Of course the early 80s was when AIDS struck and devastated everyone, Section 28 – (eventually passed in 1988 and repealed in 2003) stated that “a local authority shall not intentionally promote homosexuality or publish material with the intention of promoting homosexuality”. My friend Nick Partridge (from Tower Mansions, West End Lane) came back from living on a houseboat in Amsterdam and joined the Terrence Higgins Trust, later to become the Director, be knighted and generally join the anti-establishment establishment. Paul’s gang of gay friends became solid and established, and become the legendary Get You Crew which survives to this day – Lady G, or Richard Davies, Max, Hugh & Ben, Ray & Tim, Colin, Michael, and many others – and sometimes I would join them on a night out, or round The Fallen Angel in Islington. (Later Jenny would be found in The Fallen Angel when she worked at Theatre Centre with all the lesbians).
I went to Heaven a few times with the gang underneath the arches of Charing Cross Station. I’ve been to Heaven with Jenny too, in the 90s and it’s always a good night. Other definitely gay places I’d been in with Paul and others in those 1980s would be The Vauxhall Tavern, and of course The London Apprentice in Hoxton filming on The Crying Game with every transvestite in the South East of England. Can’t remember if Paul came down for any of that. I’m thinking Marc Almond and Jimmy Somerville, George O’ Dowd, Stephen Wakelam, Ian McKellen, the Scala All-Nighter and the ridiculous slightly baggy yet tapered clothes I started to adopt in the mid-eighties not to mention the haircuts, the shoes. Chinese kung-fu slippers I recall. I was never gay though. I kissed Richard one night at some houseparty in Belsize Park, but that was fun, a tease and that was it. Gay people like getting off with straight people though. They like a challenge.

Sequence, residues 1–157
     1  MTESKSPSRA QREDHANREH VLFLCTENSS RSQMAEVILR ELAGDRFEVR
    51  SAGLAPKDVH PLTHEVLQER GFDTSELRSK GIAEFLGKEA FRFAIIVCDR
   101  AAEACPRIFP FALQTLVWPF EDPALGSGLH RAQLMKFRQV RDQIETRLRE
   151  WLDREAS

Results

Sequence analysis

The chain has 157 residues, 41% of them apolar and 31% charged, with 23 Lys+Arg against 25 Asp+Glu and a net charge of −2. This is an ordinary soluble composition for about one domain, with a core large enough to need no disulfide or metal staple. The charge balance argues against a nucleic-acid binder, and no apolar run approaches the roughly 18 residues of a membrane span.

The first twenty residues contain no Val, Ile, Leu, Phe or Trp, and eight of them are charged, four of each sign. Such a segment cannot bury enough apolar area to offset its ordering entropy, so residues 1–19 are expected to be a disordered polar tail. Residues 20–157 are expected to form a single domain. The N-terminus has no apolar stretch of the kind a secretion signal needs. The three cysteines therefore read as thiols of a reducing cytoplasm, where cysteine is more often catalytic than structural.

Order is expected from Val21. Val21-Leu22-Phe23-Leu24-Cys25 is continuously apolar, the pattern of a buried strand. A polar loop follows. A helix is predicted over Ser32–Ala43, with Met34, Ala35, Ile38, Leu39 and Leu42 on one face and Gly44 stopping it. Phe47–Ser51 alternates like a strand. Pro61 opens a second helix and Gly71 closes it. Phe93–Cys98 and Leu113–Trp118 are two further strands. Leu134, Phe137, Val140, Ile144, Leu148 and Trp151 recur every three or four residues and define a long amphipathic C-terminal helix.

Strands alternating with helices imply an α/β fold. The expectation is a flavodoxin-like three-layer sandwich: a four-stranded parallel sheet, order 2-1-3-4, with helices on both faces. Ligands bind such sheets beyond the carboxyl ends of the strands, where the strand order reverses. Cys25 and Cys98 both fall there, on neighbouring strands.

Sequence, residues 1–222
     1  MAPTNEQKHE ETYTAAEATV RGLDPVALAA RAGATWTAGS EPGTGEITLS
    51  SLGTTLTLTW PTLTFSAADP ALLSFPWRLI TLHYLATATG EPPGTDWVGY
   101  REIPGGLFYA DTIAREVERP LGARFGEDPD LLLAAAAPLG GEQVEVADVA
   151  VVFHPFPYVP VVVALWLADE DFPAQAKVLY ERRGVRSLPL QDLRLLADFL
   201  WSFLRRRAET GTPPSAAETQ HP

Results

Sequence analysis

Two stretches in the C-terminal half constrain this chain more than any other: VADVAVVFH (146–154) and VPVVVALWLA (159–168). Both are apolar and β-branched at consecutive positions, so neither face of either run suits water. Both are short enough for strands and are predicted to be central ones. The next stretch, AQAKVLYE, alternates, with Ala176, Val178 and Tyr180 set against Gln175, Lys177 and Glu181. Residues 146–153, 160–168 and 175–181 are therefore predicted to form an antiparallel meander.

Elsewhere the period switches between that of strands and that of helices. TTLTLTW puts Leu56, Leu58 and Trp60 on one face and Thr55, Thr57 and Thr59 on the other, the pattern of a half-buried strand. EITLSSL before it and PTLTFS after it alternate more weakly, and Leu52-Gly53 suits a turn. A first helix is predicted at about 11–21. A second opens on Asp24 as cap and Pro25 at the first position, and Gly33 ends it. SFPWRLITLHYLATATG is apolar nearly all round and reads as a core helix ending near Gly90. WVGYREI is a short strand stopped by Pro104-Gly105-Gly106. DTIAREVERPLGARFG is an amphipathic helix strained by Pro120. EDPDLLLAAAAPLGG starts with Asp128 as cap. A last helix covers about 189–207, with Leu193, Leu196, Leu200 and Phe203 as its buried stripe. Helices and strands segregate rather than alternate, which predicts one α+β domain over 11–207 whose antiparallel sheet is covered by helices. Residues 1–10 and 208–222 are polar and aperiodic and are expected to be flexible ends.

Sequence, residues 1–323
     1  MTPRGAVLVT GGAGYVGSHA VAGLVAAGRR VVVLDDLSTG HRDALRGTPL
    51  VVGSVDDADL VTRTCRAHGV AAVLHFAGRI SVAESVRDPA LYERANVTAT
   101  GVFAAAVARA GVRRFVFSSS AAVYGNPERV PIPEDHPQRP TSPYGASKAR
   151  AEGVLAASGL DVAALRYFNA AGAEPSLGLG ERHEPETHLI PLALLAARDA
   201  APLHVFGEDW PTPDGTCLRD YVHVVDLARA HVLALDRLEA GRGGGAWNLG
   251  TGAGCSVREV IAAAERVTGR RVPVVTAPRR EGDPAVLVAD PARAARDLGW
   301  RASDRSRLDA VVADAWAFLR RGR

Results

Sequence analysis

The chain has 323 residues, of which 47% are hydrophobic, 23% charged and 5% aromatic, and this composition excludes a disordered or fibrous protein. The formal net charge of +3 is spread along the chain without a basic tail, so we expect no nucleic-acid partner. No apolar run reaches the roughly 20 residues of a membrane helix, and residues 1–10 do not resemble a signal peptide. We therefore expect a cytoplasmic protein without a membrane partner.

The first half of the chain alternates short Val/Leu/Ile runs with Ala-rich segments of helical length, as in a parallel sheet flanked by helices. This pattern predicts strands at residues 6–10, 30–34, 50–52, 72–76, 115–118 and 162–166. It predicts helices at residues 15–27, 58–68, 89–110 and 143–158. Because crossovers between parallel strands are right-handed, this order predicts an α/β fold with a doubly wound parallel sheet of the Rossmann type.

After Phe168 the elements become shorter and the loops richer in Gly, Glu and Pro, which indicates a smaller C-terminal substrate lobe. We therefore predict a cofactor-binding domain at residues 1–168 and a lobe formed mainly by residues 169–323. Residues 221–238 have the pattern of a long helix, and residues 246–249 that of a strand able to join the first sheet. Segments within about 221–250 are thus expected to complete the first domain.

But the thing is with Paul, you’d never know he was gay unless you knew. So we’d just as often go to The Flask or The French House or Camden Lock, Dingwalls, the Princess Louise, The Lamb. Paul never wore the badge of gay, or particularly enjoyed the scene – it has its own pressures. But things were different then. It was fifteen or so years since Stonewall, but there was always a sense of resilience, of defiance even, going out as a gang in the 80s, part of being young probably. But also part of being a community under threat, both legally and actually, the possibility of aggression at street level always present, living in Thatcher’s Britain we were in opposition and everything was a battle, sometimes literally. The Miner’s Strike, Anti-Apartheid, the poll-tax, section 28, Greenham Common, the Women’s Movement, Chile, Ireland, Gay Liberation, CND – these were all part of the same battle to change the world. Some of those battles we won – South Africa, Gay Lib, Ireland? – some we lost – the miners, CND, Greenham. I think it was Jesse Jackson who I heard talking about a rainbow coalition, co-opting the gay emblem – every colour of the rainbow except pink! I guess drugs were taken, but I was generally on the weed, speed or booze. Never really liked cocaine, or the effect it has on some of the people I’m with. Or poppers. Not really a pillhead after Mexico. E was great. But a glass of bubbly and a cigarette and I’m delirious, usually.
This song was a floor-filler. An anthem. It always has been, since Edith Piaf sang it in Paris in 1946, the lyrics a defiant triumphant claiming of the power of love, a beating heart, being in the pink, the rosy life, none of the translations work do they ? There was a Pink Paper. A pink pound. Pink triangle from the nazi camps wasn’t it? Another sign co-opted. At house-parties or nightclubbing the hands would rise, the room would spin, the euphoria would go up several notches, we were alive. This song is marvellous, so French, so black, so disco, so bossa nova, so gay, so theatrical, so triumphant, so universal. Mon couer qui bat……
(Look it up !)
At the end of the decade July 1989 I was in Paris, filming a Chopin film called “Impromptu” with Hugh Grant, Judy Davis, Bernadette Peters, Mandy Patinkin and others, and a splendid time was guaranteed for all. (see the Chopin post My Pop Life #9) Hugh and I waltzed around the brasseries, the train appeared to carry some gravy. One night Julian Sands and I went to a club – or was it a party ? – and met Grace Jones and some other glamourous Parisiens. We drank champagne, I smoked cigarettes. Possibly even French ones.
La Vie En Rose indeed.